Whether or not it’s you, we’ve all experienced those moments where somebody becomes the brunt of a joke. You try your best to see the funny side, and on most occasions that’s possible. Sometimes though, and not very often, those good times turn into uncomfortable moments when a person can’t help but feel insulted through oversensitivity. One tender spot where the Brit gets easily hung-up is football, so it’s no wonder a few of us are feeling a little sour about Cesc Fabregas publically being forced into a Barcelona shirt.
The British have always found a way to satirise themselves and take in good spirits their own comic flaws. The British are good at being the brunt. Dad’s Army; classic comedy about the Home Guard during World War II, overly serious about their trivial role which never sees combat or confrontation. Derek Trotter; the Cockney market trader and star of Only Fools and Horses, bent on making cash and who thinks he’s sharper than actuality. The Vicar of Dibley reveals the meaning of the English countryside’s village idiot, while One Foot In The Grave tells the story of England’s grumpy senior citizenship. Perhaps being brought up with the world’s finest comedy helped me realise Carlos Puyol, Gerard Pique and Pepe Reina lack the class.
I attempted to see the funny side. Also, Spain had just won the World Cup, so why should they care about what anybody else thinks? Half the team are Barcelona anyway. Put Puyol and Pique into British comedy and they’d come out as Edina and Patsy from Absolutely Fabulous, driving people mad with their outrageous selfishness. This was their stage. Still though, the only people laughing are Barcelona fans and players. Their cackles grow louder every time they ruffle Arsenal, and their followers bask in its workings, gloating at how our prized asset wants to play for their club. Every time an angry comment becomes the property of the internet and appears on the monitor screen of a Barca fan, they laugh. If they are reading now then I suspect they’ll be laughing too!
Arsenal were the real brunt of the joke, not Cesc. Before the World Cup final a mate and I were holding seats for others. Along came the big man of the pub with his girlfriend on the look out to show off his brilliance. He asked if they could sit down but we told him friends were coming shortly. “You’ve got friends?!” he said, with a quick glance to check if his girlfriend was impressed by his wit, just like Alan Partridge would. Naturally, awkward silence followed, as did the embarrassment of his girlfriend behind him. Like Barca, he was trying to disparage people who he quickly came not to like. He and Barca were the same, why? Because both wanted something to which they had no access.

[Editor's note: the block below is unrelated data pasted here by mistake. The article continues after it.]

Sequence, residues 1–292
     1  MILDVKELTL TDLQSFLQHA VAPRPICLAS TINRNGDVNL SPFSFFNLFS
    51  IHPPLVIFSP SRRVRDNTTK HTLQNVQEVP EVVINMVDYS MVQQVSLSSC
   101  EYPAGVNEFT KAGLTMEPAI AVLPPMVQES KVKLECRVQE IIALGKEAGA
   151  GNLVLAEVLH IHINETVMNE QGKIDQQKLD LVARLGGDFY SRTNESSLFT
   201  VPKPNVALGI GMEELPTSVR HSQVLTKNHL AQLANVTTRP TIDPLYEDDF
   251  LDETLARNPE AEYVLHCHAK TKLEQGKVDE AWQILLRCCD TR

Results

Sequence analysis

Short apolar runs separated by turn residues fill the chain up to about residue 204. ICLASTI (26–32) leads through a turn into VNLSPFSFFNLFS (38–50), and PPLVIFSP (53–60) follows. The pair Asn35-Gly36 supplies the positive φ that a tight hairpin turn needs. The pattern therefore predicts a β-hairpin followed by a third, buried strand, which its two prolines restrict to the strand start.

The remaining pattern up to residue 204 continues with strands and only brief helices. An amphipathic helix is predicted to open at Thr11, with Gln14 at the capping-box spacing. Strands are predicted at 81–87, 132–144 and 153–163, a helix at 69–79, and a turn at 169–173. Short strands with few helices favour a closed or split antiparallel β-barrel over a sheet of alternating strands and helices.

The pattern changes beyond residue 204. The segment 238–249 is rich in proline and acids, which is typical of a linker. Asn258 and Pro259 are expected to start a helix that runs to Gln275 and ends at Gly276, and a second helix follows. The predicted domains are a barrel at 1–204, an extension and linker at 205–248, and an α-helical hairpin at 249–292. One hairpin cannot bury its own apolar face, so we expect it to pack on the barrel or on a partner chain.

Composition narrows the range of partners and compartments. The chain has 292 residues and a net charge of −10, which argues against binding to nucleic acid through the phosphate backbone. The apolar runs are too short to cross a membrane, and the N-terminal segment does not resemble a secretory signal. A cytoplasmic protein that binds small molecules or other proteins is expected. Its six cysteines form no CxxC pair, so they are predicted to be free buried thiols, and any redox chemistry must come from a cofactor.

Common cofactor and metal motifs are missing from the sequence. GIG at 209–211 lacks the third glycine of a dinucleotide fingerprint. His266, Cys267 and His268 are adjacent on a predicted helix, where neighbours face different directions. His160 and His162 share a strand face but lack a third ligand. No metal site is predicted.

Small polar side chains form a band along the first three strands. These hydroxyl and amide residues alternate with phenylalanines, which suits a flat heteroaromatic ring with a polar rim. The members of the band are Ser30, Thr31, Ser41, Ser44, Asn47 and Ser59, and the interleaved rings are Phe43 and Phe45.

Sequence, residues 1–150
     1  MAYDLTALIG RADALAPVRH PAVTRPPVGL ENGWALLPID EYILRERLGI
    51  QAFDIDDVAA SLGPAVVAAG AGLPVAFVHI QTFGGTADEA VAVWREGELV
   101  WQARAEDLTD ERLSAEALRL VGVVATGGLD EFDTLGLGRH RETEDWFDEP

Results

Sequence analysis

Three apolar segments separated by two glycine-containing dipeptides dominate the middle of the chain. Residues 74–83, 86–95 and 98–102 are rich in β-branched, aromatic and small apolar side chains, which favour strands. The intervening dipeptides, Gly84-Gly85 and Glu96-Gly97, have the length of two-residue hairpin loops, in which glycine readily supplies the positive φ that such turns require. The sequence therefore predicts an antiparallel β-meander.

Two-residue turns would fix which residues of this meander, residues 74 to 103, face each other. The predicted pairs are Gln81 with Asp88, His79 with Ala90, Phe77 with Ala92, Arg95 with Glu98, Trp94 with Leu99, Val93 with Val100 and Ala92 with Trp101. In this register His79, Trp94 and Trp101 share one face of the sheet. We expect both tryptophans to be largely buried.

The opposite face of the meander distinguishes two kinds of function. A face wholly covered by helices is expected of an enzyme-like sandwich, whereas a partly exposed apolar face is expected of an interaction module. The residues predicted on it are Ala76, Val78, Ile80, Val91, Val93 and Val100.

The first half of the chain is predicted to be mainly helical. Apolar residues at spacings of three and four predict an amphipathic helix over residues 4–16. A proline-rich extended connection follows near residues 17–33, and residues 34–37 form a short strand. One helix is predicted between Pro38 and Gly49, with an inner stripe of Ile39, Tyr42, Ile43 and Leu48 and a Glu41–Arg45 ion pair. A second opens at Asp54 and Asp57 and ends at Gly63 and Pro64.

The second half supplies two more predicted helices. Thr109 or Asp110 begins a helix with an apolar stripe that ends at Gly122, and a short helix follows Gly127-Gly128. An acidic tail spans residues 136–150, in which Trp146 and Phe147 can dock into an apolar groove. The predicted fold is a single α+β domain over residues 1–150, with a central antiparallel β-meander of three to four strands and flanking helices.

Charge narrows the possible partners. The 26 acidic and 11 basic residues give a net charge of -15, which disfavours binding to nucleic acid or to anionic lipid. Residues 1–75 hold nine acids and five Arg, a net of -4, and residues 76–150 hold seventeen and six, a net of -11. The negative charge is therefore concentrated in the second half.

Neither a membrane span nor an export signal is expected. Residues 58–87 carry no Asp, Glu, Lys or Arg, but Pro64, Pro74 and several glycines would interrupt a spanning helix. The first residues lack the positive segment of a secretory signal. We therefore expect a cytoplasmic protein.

To Cesc’s credit he felt awkward and embarrassed. There was even potential for it to be a classic moment from The Office. I’m thinking of the scene where David Brent keeps slapping Malcolm’s bald head and calling him Kojak. Quickly the joke wears thin and an angry Malcolm bats away his hand. There is stunned silence and the viewer is left cringing at the hostility. Cesc couldn’t create any sort of Ricky Gervais slapstick magic though, instead – and again to his credit – he behaved with reservation, just like Arsenal have over the whole tapping-up affair that has become the biggest joke of all this summer. Cesc was Hyacinth Bucket, Keeping Up Appearances!
Barcelona may have the last laugh when they sign Fabregas. Most likely that will be next summer. Maybe Barca have made so many publicity errors Arsenal won’t sell at all. Maybe Arsenal do trade and Cesc becomes used goods, just like those who went before him. That will reveal itself in time. At the moment however, I’m happy to play the role of cantankerous seaside hotel owner Basil Fawlty and dislike anybody who attempts to unsettle the running of Arsenal FC. Or perhaps more like Police Inspector Raymond Fowler from The Thin Blue Line, who attempts to run a tidy and honest ship. I guess that makes Barcelona the bitter Derek Grim who runs the yobbish CID team. Simply put: loudmouthed!